LONDON (Reuters) - World stocks have gained for sixth straight quarters to chalk up their best run since 1997, while a 20 percent rebound in oil has turned around one of its worst starts to a year on record.
It may just be the looming end of the great global easing experiment, but as this graphic shows tmsnrt.rs/2yaWht3, investors have spent another quarter piling into risk assets.
Emerging market stocks have added almost 7 percent. Wall Street and MSCI’s 46-country world share index have both risen 4 percent, with the latter on its longest run of gains since late 1997, when 11 rising quarters came to an end.
Debt from some of the world’s most politically strained countries has also rallied.
Analysts ascribe this to a mix of higher global growth, cheap and plentiful central bank liquidity, subdued inflation, and until the last few weeks, a weak dollar.
“The market moved already considerably in the first half of the year, so it has been a consolidation of the gains,” said ABN Amro chief investment officer Didier Duret.
“The last three months were a kind of intermediary zone, between the hopes (for stimulus) generated by the U.S. administration and the confirmation that we have a strong recovery globally.”
A standout change since the end of the first half has been in the price of oil.
Crude was down 16.5 percent at the end of June, but its 20 percent rebound has hoisted it back into positive territory for the year. It has had its best quarter since the second quarter of 2016, marking its fifth quarterly gain of 20 percent or more in the last decade.
Metals have also shone. Industrial bellwether copper has added almost 8 percent and zinc and nickel have jumped 14 and 11 percent respectively.
Those commodity gains have been helped by the weak dollar, which is still down for the year against most world currencies. tmsnrt.rs/2egbfVh
The 2.4 percent quarterly fall in the dollar index has been a relative improvement, though. It has also regained ground against the euro, the yen, China’s yuan and Mexico’s peso in recent weeks. The latter remains the world’s second-best performer of 2017.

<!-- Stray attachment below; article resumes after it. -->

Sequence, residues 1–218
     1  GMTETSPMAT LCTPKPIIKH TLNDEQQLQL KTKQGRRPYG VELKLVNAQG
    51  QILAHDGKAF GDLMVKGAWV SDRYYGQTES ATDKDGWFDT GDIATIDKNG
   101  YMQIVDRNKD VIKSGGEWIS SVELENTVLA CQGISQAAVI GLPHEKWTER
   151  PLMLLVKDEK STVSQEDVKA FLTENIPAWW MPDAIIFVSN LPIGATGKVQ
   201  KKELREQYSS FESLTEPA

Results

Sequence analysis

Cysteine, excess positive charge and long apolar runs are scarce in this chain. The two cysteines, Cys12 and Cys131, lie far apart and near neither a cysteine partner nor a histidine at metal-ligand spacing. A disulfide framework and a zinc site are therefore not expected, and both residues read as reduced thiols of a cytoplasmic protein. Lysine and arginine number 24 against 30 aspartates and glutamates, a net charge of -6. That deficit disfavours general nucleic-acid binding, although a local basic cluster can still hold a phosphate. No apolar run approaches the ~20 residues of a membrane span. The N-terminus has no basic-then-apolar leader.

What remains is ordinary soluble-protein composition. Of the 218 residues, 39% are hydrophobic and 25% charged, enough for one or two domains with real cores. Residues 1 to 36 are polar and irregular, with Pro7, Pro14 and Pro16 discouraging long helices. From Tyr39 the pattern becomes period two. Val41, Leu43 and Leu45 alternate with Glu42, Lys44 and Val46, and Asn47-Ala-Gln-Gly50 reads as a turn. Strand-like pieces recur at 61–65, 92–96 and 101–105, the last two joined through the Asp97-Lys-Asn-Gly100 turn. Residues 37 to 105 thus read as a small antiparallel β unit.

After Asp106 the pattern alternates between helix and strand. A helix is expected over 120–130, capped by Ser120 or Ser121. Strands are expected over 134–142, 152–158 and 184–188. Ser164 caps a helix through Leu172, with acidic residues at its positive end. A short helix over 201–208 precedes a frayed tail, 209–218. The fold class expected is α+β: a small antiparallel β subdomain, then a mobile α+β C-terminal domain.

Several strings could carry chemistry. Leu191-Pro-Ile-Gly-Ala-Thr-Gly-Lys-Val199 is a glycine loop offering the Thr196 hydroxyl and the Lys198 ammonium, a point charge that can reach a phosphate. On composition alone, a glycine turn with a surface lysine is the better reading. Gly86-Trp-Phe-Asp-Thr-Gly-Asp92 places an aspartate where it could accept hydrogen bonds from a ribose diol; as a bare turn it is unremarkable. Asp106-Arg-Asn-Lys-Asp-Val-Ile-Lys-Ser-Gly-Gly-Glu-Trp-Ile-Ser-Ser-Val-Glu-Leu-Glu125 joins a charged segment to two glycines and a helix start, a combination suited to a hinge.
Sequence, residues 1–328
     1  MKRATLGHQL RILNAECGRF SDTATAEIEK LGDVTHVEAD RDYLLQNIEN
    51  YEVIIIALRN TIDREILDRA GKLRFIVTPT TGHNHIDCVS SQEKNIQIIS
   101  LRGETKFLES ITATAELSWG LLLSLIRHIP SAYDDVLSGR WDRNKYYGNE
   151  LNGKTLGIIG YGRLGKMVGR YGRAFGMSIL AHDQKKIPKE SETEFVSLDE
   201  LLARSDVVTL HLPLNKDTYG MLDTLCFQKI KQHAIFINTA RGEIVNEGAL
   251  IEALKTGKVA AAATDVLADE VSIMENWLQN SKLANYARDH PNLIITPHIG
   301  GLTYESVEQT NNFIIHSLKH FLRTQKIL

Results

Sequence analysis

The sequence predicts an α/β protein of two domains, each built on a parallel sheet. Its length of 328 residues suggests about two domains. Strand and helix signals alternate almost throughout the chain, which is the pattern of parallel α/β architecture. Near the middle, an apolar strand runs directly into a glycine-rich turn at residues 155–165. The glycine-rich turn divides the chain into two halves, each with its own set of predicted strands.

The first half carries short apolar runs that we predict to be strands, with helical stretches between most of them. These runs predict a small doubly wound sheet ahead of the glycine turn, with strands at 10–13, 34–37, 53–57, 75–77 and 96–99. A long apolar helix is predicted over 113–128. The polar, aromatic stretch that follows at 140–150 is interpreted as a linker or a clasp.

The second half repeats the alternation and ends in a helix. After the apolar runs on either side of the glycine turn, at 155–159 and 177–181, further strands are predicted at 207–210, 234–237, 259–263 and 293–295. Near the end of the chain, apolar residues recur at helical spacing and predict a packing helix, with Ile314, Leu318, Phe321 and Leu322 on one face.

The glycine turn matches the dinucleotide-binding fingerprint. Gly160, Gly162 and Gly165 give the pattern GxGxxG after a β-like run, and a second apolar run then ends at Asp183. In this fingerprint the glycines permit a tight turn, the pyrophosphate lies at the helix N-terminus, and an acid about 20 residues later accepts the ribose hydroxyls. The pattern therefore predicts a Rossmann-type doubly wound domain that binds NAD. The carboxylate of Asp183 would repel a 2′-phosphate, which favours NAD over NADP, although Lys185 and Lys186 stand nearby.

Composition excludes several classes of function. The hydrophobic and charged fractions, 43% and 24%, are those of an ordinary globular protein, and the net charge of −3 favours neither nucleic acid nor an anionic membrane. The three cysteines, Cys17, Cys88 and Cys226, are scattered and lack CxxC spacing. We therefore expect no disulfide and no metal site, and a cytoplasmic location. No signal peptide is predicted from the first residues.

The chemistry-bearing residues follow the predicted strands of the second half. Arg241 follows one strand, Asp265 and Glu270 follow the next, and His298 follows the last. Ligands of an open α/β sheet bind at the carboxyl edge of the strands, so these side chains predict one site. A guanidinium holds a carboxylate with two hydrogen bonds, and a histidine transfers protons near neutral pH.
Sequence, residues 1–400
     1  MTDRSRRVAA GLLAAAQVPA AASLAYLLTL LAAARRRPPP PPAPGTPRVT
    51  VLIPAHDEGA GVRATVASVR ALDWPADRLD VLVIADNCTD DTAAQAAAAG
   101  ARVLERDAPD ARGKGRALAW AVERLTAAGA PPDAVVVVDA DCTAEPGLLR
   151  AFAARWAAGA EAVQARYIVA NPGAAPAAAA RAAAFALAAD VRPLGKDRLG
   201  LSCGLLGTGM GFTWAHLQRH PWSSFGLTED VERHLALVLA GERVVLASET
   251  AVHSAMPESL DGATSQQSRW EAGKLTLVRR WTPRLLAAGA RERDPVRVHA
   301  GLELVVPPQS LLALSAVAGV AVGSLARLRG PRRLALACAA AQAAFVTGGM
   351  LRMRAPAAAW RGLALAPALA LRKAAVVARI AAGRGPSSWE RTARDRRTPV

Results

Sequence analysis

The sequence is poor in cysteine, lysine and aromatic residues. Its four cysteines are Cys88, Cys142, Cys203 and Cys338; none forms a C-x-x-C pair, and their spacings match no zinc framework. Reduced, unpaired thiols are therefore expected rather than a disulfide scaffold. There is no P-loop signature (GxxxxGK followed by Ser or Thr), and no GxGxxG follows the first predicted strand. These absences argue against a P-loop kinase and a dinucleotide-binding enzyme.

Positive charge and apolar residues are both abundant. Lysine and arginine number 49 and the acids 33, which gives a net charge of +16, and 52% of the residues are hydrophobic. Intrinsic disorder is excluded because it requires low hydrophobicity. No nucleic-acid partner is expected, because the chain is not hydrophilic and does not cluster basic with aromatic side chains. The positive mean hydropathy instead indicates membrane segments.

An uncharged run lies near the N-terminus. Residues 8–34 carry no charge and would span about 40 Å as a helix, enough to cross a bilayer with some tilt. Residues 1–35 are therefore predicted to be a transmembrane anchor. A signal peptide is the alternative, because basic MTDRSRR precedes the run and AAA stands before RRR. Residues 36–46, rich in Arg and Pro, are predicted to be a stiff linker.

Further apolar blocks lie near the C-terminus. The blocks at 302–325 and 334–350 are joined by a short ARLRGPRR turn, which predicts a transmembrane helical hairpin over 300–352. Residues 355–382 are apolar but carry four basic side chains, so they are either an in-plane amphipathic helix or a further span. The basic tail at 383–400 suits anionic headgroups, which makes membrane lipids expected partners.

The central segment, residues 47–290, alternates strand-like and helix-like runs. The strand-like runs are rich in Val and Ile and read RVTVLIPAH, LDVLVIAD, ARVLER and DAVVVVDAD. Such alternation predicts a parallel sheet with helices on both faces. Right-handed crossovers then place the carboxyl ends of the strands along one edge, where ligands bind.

The euro, boosted by European Central Bank talk of winding down its more than 2 trillion-euro stimulus programme, is up more than 3 percent since the start of July and nearly 12 percent year-to-date.
Debt in domestic emerging-market currencies has rallied. Average yields - which broadly reflect borrowing costs - measured by a widely tracked JPMorgan index are now less that a percentage point above all-time lows.
“The market does seem a bit frothy in some areas,” said State Street Global Advisors’ Abhishek Kumar.
Japan’s heavyweight Nikkei stock index has eked out a token 1 percent as the yen has stayed steady.
But emerging markets and the so-called FANGs - Facebook, Amazon, Netflix and Alphabet, or Google - again have made the eye-catching moves.
Brazilian stocks have recovered from the country’s latest political scandal to jump 20 percent in dollar terms. China is up over 13 percent and Russia has surged more than 14 percent, though it is still down for the year.
Netflix is up 20 percent, Facebook 10 percent, Apple 6 percent and Google 4 percent, reflecting not just a global tech addiction but also the cheap money sloshing round markets.
Britain may well be stuck in messy negotiations over quitting the European Union and an even messier domestic power struggle, but the pound has scored its third straight quarterly gain against the dollar and squeezed out a miniscule one against the euro.
At the bottom of the performance league table again is Greece. Its all-too-familiar worries have taken 14 percent off its stock market, although news in recent days that banks there will be spared another stress test, at least for now, has eased some of the pressure.
Reporting by Marc Jones, editing by Larry King